Automation poses two challenges: to successfully adopt the technology, and to do so with as minimal disruption to the workforce as possible.
Experts are almost unanimous in their agreement that automation is poised to make sweeping changes, not just to the world of work but to our global society as a whole. According to research by Oxford University’s Martin School, almost 50% of US workers are at risk of being replaced by machines.
Yet when people think about automation, they tend to imagine blue collar workers being liberated from repetitive production-line work by robotic arms. However, unlike previous spurts of automation, this time many middle-class, white collar jobs will be at risk. Skills previously thought to be immune from robotic intervention, such as writing, marketing and teaching, are increasingly being automated through big data and better AI. The question is how fast and how deep this new form of automation will reach.
For many organisations, the temptation to automate is impossible to resist. Automated systems don’t need pensions or annual leave, and neither do they take sick days. In some cases, they can offer faster, more accurate, and more reliable outputs. For organisations who refuse to automate, the possibility of being out-competed by robotic rivals is very real. Often, it’s not merely a matter of upgrading - it’s about survival.
So what can business leaders do to make this transition as smooth as possible? One priority is to plan carefully for the introduction of innovative new systems. The University of London’s Global MBA offers a complete overview of today’s most pressing business challenges, including modules that offer a thorough investigation of how to manage innovation as a process.
The Global MBA’s ‘Innovation and Change’ module begins with teaching you how to prepare and organise for strategic change of the kind automation brings. The module then focuses on how firms can critically analyse the implications of how they engage with strategic change, before showing you how to evaluate how different technology strategies affect businesses.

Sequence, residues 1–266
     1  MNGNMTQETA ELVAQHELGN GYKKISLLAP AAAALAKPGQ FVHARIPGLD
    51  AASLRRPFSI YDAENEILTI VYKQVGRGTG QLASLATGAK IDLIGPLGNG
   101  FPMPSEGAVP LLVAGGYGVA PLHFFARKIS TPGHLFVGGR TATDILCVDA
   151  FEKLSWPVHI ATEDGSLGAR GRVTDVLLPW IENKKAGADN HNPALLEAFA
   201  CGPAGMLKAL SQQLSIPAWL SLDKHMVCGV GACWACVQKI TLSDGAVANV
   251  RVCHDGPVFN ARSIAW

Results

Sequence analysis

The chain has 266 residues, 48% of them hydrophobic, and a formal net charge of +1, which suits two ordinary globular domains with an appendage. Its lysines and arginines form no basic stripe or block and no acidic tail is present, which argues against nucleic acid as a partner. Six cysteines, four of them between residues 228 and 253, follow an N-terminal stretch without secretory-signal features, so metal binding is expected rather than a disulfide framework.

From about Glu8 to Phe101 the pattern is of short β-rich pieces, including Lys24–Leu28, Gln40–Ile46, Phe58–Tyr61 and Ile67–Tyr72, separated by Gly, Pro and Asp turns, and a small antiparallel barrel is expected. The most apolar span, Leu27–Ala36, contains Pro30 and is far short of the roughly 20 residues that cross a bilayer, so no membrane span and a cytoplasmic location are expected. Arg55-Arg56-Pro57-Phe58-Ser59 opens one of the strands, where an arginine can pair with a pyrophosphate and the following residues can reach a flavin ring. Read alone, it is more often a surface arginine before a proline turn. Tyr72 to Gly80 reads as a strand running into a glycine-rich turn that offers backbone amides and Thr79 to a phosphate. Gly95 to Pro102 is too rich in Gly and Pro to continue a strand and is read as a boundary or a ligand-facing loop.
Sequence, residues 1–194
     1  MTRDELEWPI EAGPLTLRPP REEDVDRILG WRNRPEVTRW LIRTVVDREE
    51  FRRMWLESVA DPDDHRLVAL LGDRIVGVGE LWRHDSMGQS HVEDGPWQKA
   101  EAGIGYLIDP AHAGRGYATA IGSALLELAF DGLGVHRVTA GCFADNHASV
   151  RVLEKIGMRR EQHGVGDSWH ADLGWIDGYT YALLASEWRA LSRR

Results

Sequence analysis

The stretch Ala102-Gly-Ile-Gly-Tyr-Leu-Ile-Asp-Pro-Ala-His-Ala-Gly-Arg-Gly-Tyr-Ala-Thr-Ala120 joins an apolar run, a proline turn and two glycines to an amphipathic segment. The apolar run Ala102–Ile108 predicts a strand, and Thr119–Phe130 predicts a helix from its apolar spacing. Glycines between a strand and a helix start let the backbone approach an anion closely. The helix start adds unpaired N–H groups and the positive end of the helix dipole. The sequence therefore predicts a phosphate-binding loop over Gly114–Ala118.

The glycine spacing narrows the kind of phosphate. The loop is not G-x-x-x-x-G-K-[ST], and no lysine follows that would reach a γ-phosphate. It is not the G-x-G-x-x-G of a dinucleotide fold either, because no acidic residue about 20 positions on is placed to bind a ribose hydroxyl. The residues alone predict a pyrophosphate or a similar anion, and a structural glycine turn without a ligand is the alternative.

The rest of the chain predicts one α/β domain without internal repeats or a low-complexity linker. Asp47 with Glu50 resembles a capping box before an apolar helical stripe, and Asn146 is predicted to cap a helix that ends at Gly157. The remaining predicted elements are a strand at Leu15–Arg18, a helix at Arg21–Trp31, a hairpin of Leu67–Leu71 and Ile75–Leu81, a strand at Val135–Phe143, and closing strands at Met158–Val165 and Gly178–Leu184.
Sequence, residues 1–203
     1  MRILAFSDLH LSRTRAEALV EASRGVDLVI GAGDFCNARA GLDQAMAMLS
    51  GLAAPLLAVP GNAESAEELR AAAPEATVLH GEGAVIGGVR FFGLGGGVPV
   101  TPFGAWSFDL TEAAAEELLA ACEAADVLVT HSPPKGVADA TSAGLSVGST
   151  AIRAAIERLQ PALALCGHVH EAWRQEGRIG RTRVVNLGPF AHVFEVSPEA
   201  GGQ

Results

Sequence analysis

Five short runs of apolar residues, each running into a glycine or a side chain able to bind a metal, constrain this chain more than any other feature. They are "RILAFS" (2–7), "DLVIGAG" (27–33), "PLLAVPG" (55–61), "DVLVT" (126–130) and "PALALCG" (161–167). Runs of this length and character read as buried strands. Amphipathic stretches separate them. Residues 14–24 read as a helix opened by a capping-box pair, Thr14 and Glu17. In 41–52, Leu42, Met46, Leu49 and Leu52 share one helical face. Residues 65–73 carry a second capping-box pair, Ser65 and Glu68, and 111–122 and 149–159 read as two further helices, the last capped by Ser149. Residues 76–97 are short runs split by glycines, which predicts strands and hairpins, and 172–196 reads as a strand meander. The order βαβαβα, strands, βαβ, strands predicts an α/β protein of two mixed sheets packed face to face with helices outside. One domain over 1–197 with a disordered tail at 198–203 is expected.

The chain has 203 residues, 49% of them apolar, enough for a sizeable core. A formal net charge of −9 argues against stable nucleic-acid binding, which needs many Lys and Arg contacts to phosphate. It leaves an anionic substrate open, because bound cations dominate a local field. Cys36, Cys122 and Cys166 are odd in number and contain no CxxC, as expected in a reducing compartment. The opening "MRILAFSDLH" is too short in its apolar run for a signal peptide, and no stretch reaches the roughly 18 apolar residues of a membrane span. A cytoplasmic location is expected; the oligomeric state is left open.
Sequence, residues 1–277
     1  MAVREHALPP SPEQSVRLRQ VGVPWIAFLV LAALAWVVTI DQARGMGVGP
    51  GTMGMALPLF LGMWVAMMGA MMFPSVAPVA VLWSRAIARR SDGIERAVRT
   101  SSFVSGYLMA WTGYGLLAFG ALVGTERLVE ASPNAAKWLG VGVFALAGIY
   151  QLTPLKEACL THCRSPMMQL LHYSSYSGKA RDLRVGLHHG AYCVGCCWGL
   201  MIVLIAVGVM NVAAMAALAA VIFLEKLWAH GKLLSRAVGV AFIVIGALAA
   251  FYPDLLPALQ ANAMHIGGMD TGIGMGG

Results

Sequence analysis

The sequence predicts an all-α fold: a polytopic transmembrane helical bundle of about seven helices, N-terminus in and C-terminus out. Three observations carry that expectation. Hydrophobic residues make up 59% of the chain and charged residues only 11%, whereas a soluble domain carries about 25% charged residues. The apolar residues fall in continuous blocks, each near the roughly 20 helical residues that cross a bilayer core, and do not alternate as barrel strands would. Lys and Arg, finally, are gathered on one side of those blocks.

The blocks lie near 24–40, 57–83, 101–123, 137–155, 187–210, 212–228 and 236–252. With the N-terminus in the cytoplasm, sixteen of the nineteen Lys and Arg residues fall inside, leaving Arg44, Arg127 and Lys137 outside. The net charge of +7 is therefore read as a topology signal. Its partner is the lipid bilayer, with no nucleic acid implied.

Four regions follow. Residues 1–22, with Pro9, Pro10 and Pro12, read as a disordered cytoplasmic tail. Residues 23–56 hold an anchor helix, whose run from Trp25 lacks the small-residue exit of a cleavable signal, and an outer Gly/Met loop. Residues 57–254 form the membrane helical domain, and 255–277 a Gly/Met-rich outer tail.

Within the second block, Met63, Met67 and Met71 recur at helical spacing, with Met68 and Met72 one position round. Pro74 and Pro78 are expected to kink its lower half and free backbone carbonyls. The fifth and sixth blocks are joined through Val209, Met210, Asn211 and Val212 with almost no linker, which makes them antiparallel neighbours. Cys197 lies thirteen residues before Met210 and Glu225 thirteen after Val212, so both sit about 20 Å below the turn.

The module also gives you the communication skills necessary to make automation a success. Without strong verbal and oral communication - both horizontally between decision makers and vertically between managers and employees - automation becomes far riskier. As with any large scale strategic change, the organisation must be fully aligned as to the expected goals and the process of obtaining them. That’s why the Global MBA teaches you how to hone your writing and presentation skills with which to formulate credible plans and strategies for innovation.
Ultimately, successful automation depends upon having a strong understanding of the uses and potential of new technologies. It’s no good ushering in a successful automation strategy if the actual automation itself doesn’t make you more effective. The ‘Innovation and Change’ module empowers you with the frameworks you need to critically assess and evaluate the drivers of change, equipping you with the tools needed to succeed in a business landscape where rapid automation can reshape organisations beyond recognition.
Once you can identify the core areas of technological innovation and the internal and external environments which fosters it, you’ll have the vision and strategic awareness necessary to successfully lead your organisation through the difficult process of change - fast-tracking your career as you do so.
Find out more about how our Global MBA could give you the tools to help manage innovation and change.